Sustainable Travel in Morocco

Morocco has been inhabited since the Paleolithic era, sometime between 190,000 and 90,000 BCE. Berber tribes have lived in the region for millennia, and were first mentioned in ancient Egyptian writings. Early villages such as the UNESCO World Heritage Site of Aït-Benhaddou remain strongholds of the Berber culture, music and arts. In addition to the Berbers, Morocco’s heritage also encompasses Jewish and Muslim communities. In 1492, a heavy immigration of Jewish refugees arrived, having been expelled from Spain and Portugal. That heritage is seen throughout the country from the Mellah and Roben Ben Sadoun Synagogue in Fes to the coastal town of Safi, known as Little Jerusalem. Morocco’s old-world medinas and narrow, twisting lanes compete with stylish cafés, boutique shops and modern city centers. Long beaches, scenic rocky coves and classic resorts make cities such as Casablanca and Rabat appealing. The imperial cities of Meknes and Fes showcase Islamic customs while interior cities are warm and exotic set amid hills and groves of ancient palm. Morocco’s fabled desert oases dot historically important travel routes. The rugged, snow-capped Atlas Mountains stretch 1,500 miles through Morocco and beyond. The country has six national parks and reserves that are home to more than 200 species of birds, including 11 threatened species found only in Morocco; and 105 species of mammals that include golden jackal, red fox, leopard and 18 other threatened species. Morocco’s distinctive landscapes and enduring cultural heritage offer an enticing journey into the heart of North Africa.

What are they doing right?

With the launch of its sustainable tourism charter in 2016, Morocco has signaled its determination to become a sustainable tourism leader, based upon protecting its environment and celebrating its cultural heritage. Since 2009, the country has awarded the Morocco Sustainable Tourism Trophy to the country's best-of-the-best tourism businesses and hotels, and is increasingly focused on tourism and conservation strategies as part of its overall Vision 2020 for the country. Supporting cultural heritage preservation is also very high on the list of Morocco's priorities – from the King’s spectacular Royal Mansour Hotel in Marrakech, which was constructed using Morocco's most famous artisans, to the serene oases that stretch beyond the towering Atlas Mountains and into the Sahara Desert. Morocco’s goal today is to ensure that tourism goes beyond the beach resorts of the past to benefit Morocco’s natural and cultural attractions across the country into the future.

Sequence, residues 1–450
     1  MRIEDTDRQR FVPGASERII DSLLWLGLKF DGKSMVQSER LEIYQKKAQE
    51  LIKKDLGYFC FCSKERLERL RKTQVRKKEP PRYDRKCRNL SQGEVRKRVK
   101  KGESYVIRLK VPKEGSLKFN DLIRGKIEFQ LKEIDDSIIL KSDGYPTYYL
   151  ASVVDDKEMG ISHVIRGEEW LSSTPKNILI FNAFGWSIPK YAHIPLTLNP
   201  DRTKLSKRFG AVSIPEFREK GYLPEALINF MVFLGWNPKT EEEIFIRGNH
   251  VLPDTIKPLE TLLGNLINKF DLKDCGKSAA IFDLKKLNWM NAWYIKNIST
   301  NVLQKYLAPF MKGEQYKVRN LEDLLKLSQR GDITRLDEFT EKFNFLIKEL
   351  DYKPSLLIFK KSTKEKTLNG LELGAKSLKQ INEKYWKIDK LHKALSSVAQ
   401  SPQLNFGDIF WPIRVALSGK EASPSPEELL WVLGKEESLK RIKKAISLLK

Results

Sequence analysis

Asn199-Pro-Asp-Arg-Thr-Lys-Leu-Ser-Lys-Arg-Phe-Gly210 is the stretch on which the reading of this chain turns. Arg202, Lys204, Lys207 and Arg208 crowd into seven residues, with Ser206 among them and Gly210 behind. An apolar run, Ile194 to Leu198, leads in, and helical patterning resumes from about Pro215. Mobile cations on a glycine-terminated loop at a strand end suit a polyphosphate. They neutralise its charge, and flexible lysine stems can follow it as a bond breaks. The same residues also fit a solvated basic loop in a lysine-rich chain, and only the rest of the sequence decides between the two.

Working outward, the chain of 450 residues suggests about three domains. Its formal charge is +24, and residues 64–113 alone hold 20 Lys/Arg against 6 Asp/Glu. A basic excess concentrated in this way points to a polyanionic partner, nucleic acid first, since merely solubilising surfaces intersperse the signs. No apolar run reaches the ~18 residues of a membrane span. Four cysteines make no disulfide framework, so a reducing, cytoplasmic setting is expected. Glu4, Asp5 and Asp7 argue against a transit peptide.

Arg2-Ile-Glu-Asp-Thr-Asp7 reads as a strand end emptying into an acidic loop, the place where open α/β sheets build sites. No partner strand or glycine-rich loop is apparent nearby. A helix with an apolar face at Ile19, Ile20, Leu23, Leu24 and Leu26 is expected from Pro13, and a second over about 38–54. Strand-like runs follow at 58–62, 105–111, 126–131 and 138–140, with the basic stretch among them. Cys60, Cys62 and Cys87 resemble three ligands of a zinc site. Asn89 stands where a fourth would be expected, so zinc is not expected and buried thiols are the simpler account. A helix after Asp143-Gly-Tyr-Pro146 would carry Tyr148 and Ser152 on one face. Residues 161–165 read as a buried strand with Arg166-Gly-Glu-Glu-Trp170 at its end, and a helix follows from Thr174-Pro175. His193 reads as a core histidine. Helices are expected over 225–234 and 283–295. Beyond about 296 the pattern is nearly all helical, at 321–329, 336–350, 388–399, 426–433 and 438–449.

The Elephant Ranking

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Destination stewardship planning is underway at the national level with multiple stakeholders, including government, NGOs, private sector and communities, to increase understanding and awareness of sustainable tourism best practices.

With no fossil fuel reserves of its own, Morocco has set its sights on renewable energy sources such as solar and wind. The desert landscapes are the site of a giant solar complex, Noor One, which uses concentrated solar power (CSP), instead of photovoltaic. Giant mirrors reflect the sun’s rays onto tubes of liquids that are superheated to power turbines. The complete project will include four locations that will add some 350 MW to Morocco’s energy grid. Sustainable wind power farms will eventually dot the country’s landscapes.

Why the Elephant Ranking?